The garbage and the pollution that Christmas and the New Year had wrought should have eased up by now. (The holy season has become a dirty season.) It’s time to clean up. Clean up our surroundings and our insides. And let our singing of “and heaven and nature sing” become a reality.

There is hope for the flowers. Here’s some good news:

2008 Waste Trading Markets. The Philippine Business for the Environment (PBE), the Ayala Foundation and several big corporations are continuing the Waste Trading Markets where trading and buying of waste and junk take place.

Trade your scrap paper and cardboard for bathroom tissue, table napkins, bond paper and notebooks. Exchange your empty ink and toner cartridges for remanufactured ones. Your plastic bottles and plastic scraps could be exchanged for hangers, basins, pails and stools.

If you don’t want to trade, they will buy your junk electronic/electrical equipment (PCs, laptops, radios, etc.) and broken appliances; used lead acid batteries (from cars, UPS/voltage regulators, busted rechargeable lamps); used PET plastic bottles and other plastics; aluminum and tin cans; scrap paper and cartons; used ink/toner cartridges.

Sunday, January 6, 2008

‘The Peace of Wild Things’

One of the profound greetings I received for the New Year was the poem, “The Peace of Wild Things” by Wendell Berry, who is known as the prophet of rural America. Based in his Kentucky farm, Wendell, 74, is a well-known conservationist, poet, novelist, essayist, professor, lecturer, philosopher, Christian writer, farmer and defender of agrarian values and small-scale farming.

Feel and listen to the poem’s soothing message. You can’t go wrong with this.

“When despair for the world grows in me and I wake in the night at the least sound in fear of what my life and my children’s lives may be, I go and lie down where the wood drake rests in his beauty on the water, and the great heron feeds. I come into the peace of wild things who do not tax their lives with forethought of grief. I come into the presence of still water. And I feel above me the day-blind stars waiting with their light. For a time I rest in the grace of the world, and am free.”

Tuesday, January 1, 2008

Healing priest does so ‘many miracles like in the Bible’

Filed Under: Mysteries, Diseases, Personalities, Belief (Faith), Good news

MANILA, Philippines -- He could not believe his healing power. He wanted to run away from it.

A Canadian woman declared dead eight hours earlier, her organs ready to be harvested and donated, suddenly opened her eyes after Filipino priest Fr. Fernando Suarez prayed over her.

Suarez, who was then a seminarian, was stunned. “Let me out of here,” was all he could say, ready to flee.

He was supposed to go and see the woman earlier but he was not able to make it in time. When he arrived at the Ottawa Civic Hospital in Canada, it seemed too late. But Suarez went to see her anyway and, surrounded by doctors whom he requested to be present, he prayed over the woman.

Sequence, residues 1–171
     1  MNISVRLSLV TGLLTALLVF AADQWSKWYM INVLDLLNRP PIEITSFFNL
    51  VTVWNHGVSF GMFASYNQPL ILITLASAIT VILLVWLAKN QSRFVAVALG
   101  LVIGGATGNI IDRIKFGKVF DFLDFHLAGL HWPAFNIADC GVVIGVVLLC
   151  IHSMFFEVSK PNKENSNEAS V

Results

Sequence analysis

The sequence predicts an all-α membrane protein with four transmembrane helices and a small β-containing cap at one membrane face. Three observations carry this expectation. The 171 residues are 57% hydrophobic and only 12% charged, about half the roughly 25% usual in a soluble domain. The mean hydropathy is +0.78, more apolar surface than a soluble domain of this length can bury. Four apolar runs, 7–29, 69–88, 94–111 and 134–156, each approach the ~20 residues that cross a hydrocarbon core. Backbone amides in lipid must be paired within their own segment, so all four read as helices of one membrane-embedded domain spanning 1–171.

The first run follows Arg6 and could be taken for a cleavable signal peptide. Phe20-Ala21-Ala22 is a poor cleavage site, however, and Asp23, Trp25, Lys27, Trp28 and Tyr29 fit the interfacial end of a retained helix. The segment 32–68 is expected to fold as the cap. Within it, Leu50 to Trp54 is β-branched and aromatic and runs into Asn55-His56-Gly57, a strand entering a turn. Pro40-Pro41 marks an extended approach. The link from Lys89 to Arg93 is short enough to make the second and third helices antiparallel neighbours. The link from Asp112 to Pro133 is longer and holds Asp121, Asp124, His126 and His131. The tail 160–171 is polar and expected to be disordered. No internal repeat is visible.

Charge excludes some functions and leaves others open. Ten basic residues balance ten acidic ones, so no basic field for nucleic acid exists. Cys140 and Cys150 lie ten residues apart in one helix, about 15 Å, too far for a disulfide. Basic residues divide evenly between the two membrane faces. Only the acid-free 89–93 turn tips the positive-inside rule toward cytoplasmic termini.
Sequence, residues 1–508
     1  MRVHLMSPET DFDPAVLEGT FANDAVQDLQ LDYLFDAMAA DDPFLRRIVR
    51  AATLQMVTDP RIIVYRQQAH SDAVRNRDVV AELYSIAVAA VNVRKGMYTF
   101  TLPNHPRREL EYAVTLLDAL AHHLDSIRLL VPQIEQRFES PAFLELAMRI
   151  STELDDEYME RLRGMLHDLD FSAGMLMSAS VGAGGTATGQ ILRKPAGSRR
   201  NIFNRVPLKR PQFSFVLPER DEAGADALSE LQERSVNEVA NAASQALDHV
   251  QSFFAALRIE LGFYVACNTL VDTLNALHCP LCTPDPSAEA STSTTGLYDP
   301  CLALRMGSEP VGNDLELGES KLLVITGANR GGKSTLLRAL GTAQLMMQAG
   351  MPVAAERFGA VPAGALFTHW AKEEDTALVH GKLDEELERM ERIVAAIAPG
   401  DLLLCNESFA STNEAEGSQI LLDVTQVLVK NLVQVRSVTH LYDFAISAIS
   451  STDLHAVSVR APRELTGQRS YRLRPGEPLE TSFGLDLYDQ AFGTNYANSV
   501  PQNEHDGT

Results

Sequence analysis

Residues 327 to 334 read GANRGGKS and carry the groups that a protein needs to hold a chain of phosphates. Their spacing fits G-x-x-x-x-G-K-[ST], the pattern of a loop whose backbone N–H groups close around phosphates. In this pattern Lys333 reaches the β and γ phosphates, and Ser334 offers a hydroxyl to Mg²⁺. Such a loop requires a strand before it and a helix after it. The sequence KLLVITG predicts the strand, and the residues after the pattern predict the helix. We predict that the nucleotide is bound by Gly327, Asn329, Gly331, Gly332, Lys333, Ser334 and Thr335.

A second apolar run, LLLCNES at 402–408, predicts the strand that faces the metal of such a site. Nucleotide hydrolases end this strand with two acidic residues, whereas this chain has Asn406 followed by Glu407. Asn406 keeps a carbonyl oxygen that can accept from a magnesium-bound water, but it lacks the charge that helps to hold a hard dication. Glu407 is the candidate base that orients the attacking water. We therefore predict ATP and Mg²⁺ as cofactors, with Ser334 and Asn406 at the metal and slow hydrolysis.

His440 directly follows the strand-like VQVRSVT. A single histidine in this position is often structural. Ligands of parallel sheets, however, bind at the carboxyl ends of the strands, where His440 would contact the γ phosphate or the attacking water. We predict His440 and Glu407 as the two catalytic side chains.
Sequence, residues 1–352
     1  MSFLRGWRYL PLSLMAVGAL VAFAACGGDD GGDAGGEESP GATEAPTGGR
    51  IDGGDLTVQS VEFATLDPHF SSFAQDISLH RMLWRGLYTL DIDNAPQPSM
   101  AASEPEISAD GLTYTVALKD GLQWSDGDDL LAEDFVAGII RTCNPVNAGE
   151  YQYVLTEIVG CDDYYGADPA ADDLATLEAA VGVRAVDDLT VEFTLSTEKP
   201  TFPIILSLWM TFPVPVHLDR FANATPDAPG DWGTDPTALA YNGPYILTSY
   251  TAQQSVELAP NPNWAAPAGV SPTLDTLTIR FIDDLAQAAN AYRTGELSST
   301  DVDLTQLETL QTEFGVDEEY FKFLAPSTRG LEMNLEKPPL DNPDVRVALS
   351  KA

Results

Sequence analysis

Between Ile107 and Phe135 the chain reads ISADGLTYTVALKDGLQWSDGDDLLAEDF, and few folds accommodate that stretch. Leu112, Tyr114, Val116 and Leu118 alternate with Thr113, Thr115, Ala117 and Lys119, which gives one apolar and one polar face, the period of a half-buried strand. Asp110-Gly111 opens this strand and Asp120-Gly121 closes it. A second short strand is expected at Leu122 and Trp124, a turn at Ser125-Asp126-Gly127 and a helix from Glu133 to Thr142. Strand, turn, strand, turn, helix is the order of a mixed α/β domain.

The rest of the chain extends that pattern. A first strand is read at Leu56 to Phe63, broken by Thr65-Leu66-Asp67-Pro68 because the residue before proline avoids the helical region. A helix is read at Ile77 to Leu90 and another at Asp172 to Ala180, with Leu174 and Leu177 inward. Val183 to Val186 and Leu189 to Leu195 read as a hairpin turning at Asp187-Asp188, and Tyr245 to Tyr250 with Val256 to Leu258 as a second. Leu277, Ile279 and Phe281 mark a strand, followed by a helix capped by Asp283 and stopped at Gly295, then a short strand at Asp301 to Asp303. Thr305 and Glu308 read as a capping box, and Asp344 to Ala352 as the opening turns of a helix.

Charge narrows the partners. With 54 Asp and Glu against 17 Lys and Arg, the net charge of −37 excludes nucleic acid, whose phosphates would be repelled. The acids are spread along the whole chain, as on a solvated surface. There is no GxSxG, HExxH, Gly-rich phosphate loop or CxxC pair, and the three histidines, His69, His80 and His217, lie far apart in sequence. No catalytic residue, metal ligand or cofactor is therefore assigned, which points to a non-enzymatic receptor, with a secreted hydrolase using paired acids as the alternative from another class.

The miracle happened.

The woman is now well, Suarez says, and has resumed her normal life.

That case, which happened almost nine years ago, is probably the most stunning of all, but Suarez continues to amaze, baffle and bring hope and joy through his ministry that has seen the healing of countless sick and infirm in many parts of the world, including the Philippines.

“It is not me,” he says casually. He is convinced that he is just a channel for God’s healing power.

The soft-spoken Suarez, a 2007 TOYM (The Outstanding Young Men) awardee for religious service, projects an ordinariness that is both pleasant and endearing. His boyish looks do not easily reveal “what God has wrought” through him. He does not have an electrifying aura nor does he shriek and shout to slay evil elements like some Bible-thumping televangelists do. Suarez goes about it gently, in his own soothing way, touching, praying over people, pleading for healing. And because he wants everything centered in the Eucharist, he always begins with a Holy Mass.

Like in the Bible

Miraculous healing continues to happen. People who have been assisting him for some time have witnessed the impossible.

Businessman Greg Monteclaro of Couples for Christ-Gawad Kalinga has seen it all. “Except the raising of the dead,” he says. “But the deaf hear, the blind see, the lame walk -- all that is told in the Bible -- I have seen it happen.”

In Bulacan, Monteclaro narrates, there was this young boy who was born with practically no bones. “He was soft -- like jellyfish. I was holding him in my arms when Father Suarez prayed over him. I myself felt the bones grow inside the boy’s body and suddenly there he was --walking.”

How does one explain that?

“My own problem here is that I have seen so many miracles, it has become so common to me,” Monteclaro says.

Not that he is complaining.